How to make it three days in the desert at one of America’s premier music festivals
It’s a yearly rite of passage for the young and the old. A spring awakening for the few and the proud; anyone who’s spent any time in Indio during a weekend in April understands its beauty and what it means to experience Coachella. If you’re a veteran like us; planning for this week’s adventure started a year ago. If you’re a first timer, you’re in the right place, because we’ll fill you in on what you need to know, welcome to the Coachella Survival Guide.
1. BE PREPARED
- Anything can happen out on the polo fields and the weather at the festival is pretty unpredictable. It’s usually sunny and beautiful, but in the last few years we’ve seen rain, high winds, dust storms, and high temps (over 100°F) and some effin’ cold nights.
- Shade is your best friend – find it! You’re out in the desert and the only trees for miles are palms, not a lot of heavy foliage if you ask us. Bring a pop-tent or shade structure to your campsite: tapestries, sheets, or towels usually do the trick helping you block the sun while you’re trying to relax.
- Bring enough food for breakfast and easy snacks since that tends to be when you’re at camp. Keep it simple and do most of your heavy lifting for lunch/dinner on the festival grounds.
*Food Recs one site:
Spicy Pie, Crab Fries, Pink’s Hot Dogs & Frozen Lemonade – Yes Frozen Lemonade, like grandma made or something like that.
- As far as what to wear let the weather determine your outfit but make sure you bring at least some of this stuff:-Sunglasses and/or goggles-Wide-brimmed hat-Bandana or dust mask-Hoodie/Light or heavy Jacket-Bro-Tanks or Sun Dresses/Rompers for the ladies-Blankets-Poncho/Raincoat-Sunscreen-Closed-toe shoes or boots
- All in all if you think you need it, you probably do so bring it anyway, here’s some other stuff we’ve found useful over the years:-Portable Speakers-Portable Power Source-Mophie Phone Charging Case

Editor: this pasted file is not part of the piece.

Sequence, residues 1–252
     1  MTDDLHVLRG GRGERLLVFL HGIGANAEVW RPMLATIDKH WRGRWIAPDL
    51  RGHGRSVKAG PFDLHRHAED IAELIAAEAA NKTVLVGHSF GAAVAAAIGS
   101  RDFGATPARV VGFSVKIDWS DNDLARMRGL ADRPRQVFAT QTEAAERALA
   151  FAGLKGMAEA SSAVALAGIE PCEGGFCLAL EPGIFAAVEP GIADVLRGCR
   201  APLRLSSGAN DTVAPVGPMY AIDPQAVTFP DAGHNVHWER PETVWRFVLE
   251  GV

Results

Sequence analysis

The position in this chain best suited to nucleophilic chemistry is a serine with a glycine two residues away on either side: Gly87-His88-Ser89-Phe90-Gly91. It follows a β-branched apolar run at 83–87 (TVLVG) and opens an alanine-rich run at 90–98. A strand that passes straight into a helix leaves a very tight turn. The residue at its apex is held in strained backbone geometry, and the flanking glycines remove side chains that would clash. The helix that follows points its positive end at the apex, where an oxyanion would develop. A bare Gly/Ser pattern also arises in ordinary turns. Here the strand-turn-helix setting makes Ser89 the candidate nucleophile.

-Flashlight/lamp – We’ve forgotten this on multiple years and it’s always a pain in the ass buying the small lights they have at the general store.-Baby wipes/Toilet Paper/Wifebeater – you’ll figure this one out
2. BE FRESH
- Don’t overdo it on the extra-curriculars or alcohol (hint, hint). Festivals are marathons, not sprints. No one wants to play babysitter or take care of you because you got too turnt up to keep the party going for four days…chill a little brah and let the good times happen my friends. You’ll regret missing your favorite act because you were too fucked up or hungover to get to the stage.
- Water, Agua, H2O – Dehydration in dry climates sneaks up on you. They have water stations surrounding the festival grounds, check your map before you head out and make sure you have cash on you at all times just incase you get thirsty, water’s two dollars the last time we checked.
- Partake in something we call the “Hard Chill” or “Disco Nap”- In order to do this you’ll have to come to grips that you’re never going to see everyone you want to see, it’s physically impossible. So relax get over it, take a seat, a deep breath, grab a beer or something else, a bite to eat maybe…chiiiiiillllll and let the music hit you. Before you know it the next band or DJ you’ll want to see will be on stage and you’ll have the energy to get back in the party.
3. BE COOL
- Stick together! Festivals are way more fun when you’re with friends, new or old.
- Be friendly! People at Coachella are typically outgoing, so don’t be scared to strike up conversations with strangers. Feel free to yell out “HAPPY COACHELLA!” or put your hand up for random high-fives.
- Cell phone towers in the area get overloaded, so phone calls are next-to-impossible and text messages are usually delayed. Plan meeting points for specific times at specific locations. If your phone dies, use relative time, such as “I’ll meet you at the Sahara Tent before Bassnectar’s set.”
- The main stage and outdoor stage have speaker towers labeled A1, B2, etc. These make great meeting points.
- Pick up after yourself. You’re sharing a campsite with a bunch of other people and we’re not your maid.
- Respect your campmates’ quiet time. They’re all sharing sleeping space, so please don’t be wasted and belligerent at 4am. The music in the main venue ends around 1am while the campground stays alive until the wee hours of the morning, if you’re a night owl you’ll be able to find stuff to do. Two words – Silent Disco.
- Sharing is caring.
- Put on your happy face. You’re at one of the best music festivals in the world surrounded by friends and fellow music lovers! Don’t forget you’re here to have fun and listen to amazing music!